Covid lab leak theory needs further investigation, World Health Organization head says

People in lab suits outside the hotel where the WHO investigative team were stationed

Delays in the publication of the findings, drafted in collaboration with the team's Chinese counterparts, had been blamed on coordination and translation issues, even as a diplomatic tug-of-war raged in the background over the report's contents.

In sharp contrast, people in England were set for what newspapers dubbed "Happy Monday", with stay-at-home orders relaxed as rapid vaccinations appeared to drive down infection rates there. As noted by the AP, it can take years to determine the exact origin of virus outbreaks.

The final report, a joint WHO-China study, which AFP obtained Monday ahead of its official release, spelled out how the joint team of Chinese scientists and worldwide experts thrashed out the hierarchy of probability.

The report is based largely on a visit by a World Health Organization team of worldwide experts to Wuhan, the Chinese city where Covid-19 was first detected, from mid-January to mid-February.

The repeated delays sparked renewed criticism of the United Nations health agency's slow actions in getting the team to Wuhan in the first place.

In January, the World Health Organization sent a group of more than twenty scientists to Wuhan to investigate the origins of the coronavirus infection.

In the 15 months since the coronavirus emerged, the pandemic has engulfed the planet, killing almost 2.8 million people and pummelling the global economy.

Meanwhile, local officials around the country have tested hundreds of thousands of imported food samples, publishing alerts whenever a sample tests positive for traces of the coronavirus.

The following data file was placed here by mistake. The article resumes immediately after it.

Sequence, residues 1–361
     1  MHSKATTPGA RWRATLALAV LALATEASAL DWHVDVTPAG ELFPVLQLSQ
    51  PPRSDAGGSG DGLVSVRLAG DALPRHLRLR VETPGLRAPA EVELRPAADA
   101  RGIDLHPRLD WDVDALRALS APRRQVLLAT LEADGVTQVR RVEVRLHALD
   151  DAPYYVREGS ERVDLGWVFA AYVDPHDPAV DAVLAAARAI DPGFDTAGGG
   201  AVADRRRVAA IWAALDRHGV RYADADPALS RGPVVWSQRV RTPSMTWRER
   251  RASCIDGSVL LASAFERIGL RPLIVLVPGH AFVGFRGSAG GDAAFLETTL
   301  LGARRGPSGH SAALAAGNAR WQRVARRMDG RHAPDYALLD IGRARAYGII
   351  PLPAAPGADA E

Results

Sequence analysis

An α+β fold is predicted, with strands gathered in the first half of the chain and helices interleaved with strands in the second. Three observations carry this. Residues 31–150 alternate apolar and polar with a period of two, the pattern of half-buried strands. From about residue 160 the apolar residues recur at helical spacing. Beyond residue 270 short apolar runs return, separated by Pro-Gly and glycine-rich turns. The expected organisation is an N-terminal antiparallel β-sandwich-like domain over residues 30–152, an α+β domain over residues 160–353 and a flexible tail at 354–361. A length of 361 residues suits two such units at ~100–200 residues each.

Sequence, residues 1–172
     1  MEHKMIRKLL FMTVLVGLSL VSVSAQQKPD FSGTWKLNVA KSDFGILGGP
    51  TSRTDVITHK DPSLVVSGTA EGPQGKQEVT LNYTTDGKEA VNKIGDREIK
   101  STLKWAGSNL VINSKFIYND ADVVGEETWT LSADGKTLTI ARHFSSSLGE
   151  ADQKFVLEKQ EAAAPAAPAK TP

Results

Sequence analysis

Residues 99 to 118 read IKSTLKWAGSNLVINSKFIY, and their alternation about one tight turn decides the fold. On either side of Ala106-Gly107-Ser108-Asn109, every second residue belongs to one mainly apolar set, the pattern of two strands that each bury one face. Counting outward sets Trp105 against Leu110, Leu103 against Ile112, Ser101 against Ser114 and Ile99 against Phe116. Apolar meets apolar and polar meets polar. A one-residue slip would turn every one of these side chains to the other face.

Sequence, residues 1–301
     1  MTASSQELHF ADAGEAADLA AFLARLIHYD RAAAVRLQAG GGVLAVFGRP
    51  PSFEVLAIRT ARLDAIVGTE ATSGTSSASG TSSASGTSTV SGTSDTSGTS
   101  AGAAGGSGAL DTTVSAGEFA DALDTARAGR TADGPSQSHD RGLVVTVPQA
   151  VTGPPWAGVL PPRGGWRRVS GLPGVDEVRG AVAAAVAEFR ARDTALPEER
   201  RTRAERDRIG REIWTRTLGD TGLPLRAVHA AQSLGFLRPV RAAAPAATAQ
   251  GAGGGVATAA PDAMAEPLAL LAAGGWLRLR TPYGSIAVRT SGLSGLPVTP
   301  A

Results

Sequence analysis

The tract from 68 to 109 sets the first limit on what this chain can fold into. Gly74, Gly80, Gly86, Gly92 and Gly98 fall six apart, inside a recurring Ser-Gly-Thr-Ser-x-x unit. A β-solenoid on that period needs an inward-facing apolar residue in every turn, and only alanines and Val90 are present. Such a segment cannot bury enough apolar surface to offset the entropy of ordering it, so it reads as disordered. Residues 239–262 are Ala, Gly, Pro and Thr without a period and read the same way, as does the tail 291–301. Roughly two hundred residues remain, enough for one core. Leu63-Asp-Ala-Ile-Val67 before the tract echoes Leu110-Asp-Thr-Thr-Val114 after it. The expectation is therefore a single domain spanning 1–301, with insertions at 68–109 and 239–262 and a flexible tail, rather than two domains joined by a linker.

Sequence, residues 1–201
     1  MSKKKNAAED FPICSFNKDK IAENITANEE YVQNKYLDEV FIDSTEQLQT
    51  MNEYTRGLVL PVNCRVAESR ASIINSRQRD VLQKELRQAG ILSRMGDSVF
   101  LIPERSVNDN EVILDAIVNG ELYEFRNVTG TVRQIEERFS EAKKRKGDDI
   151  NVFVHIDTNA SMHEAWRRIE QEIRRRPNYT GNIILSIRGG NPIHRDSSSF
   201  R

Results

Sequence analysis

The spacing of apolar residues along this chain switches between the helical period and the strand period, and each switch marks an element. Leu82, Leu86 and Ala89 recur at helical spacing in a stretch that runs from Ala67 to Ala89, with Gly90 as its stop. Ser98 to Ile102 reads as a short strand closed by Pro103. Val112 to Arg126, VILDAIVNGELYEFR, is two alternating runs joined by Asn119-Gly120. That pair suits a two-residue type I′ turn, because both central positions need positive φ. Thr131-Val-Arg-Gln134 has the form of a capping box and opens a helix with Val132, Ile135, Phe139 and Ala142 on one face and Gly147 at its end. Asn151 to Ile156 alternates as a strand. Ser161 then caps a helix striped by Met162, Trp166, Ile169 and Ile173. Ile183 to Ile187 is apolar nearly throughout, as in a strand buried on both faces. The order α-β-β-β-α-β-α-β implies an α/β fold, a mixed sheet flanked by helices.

People in Britain rushed to pools and parks Monday to enjoy newfound freedoms as the government peeled back restrictions there, allowing small groups to gather, or sports activities to resume.

But the highly-anticipated document offered few firm conclusions.

The WHO team's leader, Peter Ben Embarek, told a separate virtual press briefing on Tuesday that it was "perfectly possible" COVID-19 cases were circulating in November or October 2019 around Wuhan, potentially leading to the disease spreading overseas earlier than documented so far.

Dutch virologist and team member Marion Koopmans rejected the focus on the unanswered questions, stressing on Twitter that the experts had presented a huge amount of information.

But the report does provide more detail on the reasoning behind the researchers' conclusions.

The experts worked to rank a number of hypotheses on the pandemic origins according to how likely they were. It also states that the three laboratories that were investigated in Wuhan "all had high quality biosafety level facilities" and "no serological evidence of infection in workers through Sars-CoV-2-specific serology-screening".

The team concluded the virus was most likely to have been passed from bats via an "intermediate animal host" to humans before sparking an "explosive outbreak" in Wuhan in December 2019. Director-General Tedros Adhanom Ghebreyesus confirmed that he had received the report.

"The scenario, including introduction through an intermediary host, was considered to be likely to very likely", it said.

Dr Anthony Fauci, the top U.S. infectious diseases expert, said he would like to see the report's raw information first before deciding about its credibility.

The Chinese government's interference with the World Health Organization's probe into the virus' origins and China's extreme lack of transparency have cast doubt on the validity of the soon-released report's findings.

They evaluated direct spread from bats to humans as likely, and said that spread to humans from the packaging of "cold-chain" food products was possible but not likely.

The Telegraph reports that the WHO's assessment goes on to say it is "extremely unlikely" that the virus originated from an accident with an infected laboratory staff member.

China has been trying to deflect criticism of its handling of the pandemic amid growing scrutiny over the pathogen's origins, including speculation promoted by the former Trump administration that the SARS-CoV-2 virus leaked from a Wuhan lab. "The Wuhan CDC lab which moved on 2 December 2019 reported no disruptions or incidents caused by the move".

The possibility that Covid-19 escaped from one of the virus laboratories in Wuhan was deemed "extremely unlikely", although it was not completely ruled out.



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